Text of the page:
The tribunal appeared to take the view that, beyond the compulsory maternity leave period, men and women are in the same position with respect to caring for newborn children. It is worth noting, however, that the Pregnant Workers Directive provides for a minimum maternity leave period of 14 weeks - an absolute right of women who have given birth.

The case is only a first instance decision. It runs contrary to the outcome of another case concerning shared parental pay (where the correct comparator was viewed as being a woman taking shared parental leave, not maternity leave). It is understood that both decisions are being appealed. An appellate decision will therefore bring welcome clarity. Until this time, employers may wish to delay making any changes to their current shared parental leave schemes.

Whilst the policy objectives behind the introduction of shared parental leave would support enhanced shared parental pay, in order to incentivise the uptake of shared parental leave by men, the strict legal position regarding related sex discrimination claims remains unclear. The case of Mr Ali does, however, indicate the tribunal’s willingness to comment on the role of men in bringing up children and the application of shared parental leave in this regard. There will no doubt be further legal, political and social discussion on this topic.

TUPE and Garden Leave

In the case of ICAP Management Services Ltd v Berry, the High Court has established that a senior executive was unable to use an alleged TUPE transfer to object to (and terminate) his period of garden leave.

The claimant gave notice to his employer in order to join a competitor. He was subsequently placed on garden leave. During his garden leave, his employer was the subject of a share acquisition. The claimant said that he considered there to be a TUPE transfer and purported to object to the transfer. His objection would have had the effect of terminating his employment contract and his period of garden leave. The result of this would have enabled him to take up employment with the competitor employer at an earlier time.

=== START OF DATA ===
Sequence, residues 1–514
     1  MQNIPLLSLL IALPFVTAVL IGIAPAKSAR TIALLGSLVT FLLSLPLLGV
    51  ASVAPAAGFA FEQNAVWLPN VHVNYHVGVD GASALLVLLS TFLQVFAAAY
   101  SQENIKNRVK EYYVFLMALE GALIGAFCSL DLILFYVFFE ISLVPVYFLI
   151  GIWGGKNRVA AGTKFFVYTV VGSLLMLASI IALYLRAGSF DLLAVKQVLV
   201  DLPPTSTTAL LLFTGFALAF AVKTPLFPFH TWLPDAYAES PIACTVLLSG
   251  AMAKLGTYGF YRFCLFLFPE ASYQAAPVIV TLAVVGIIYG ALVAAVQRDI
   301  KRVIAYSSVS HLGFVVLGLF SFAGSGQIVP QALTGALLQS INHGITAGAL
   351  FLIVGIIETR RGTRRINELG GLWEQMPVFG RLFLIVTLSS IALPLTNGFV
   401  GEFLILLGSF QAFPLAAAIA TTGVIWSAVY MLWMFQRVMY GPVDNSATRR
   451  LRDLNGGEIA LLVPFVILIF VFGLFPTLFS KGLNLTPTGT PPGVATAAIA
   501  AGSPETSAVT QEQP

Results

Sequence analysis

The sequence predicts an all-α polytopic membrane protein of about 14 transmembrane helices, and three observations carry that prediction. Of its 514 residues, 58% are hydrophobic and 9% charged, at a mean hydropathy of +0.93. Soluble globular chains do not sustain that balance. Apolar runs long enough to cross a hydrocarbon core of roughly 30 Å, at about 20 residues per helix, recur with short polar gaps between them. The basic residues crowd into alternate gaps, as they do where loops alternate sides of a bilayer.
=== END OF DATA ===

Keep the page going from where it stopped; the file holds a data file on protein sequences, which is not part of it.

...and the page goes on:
ICAP brought legal action to enforce the claimant’s garden leave. They succeeded because they successfully argued that TUPE did not apply in the circumstances as it required a change in identity of the employer.

Generally, a share acquisition will not of itself trigger the application of TUPE and result in a change of employer. On the facts, the High Court was able to distinguish the share acquisition of ICAP from a case involving a new owner taking control of the day-to-day running of the business it had acquired and triggering a TUPE transfer. In ICAP’s case, the new owner had not taken such control and there was no TUPE transfer (and therefore nothing for the claimant to object to). Accordingly, the High Court enforced the claimant’s period of garden leave.

The case is a reminder that, whilst a share acquisition can trigger a TUPE transfer, a share acquisition of itself will not cause TUPE to apply. Departing employees, especially those at a senior level, should therefore be mindful of using TUPE to wriggle out of their employment obligations.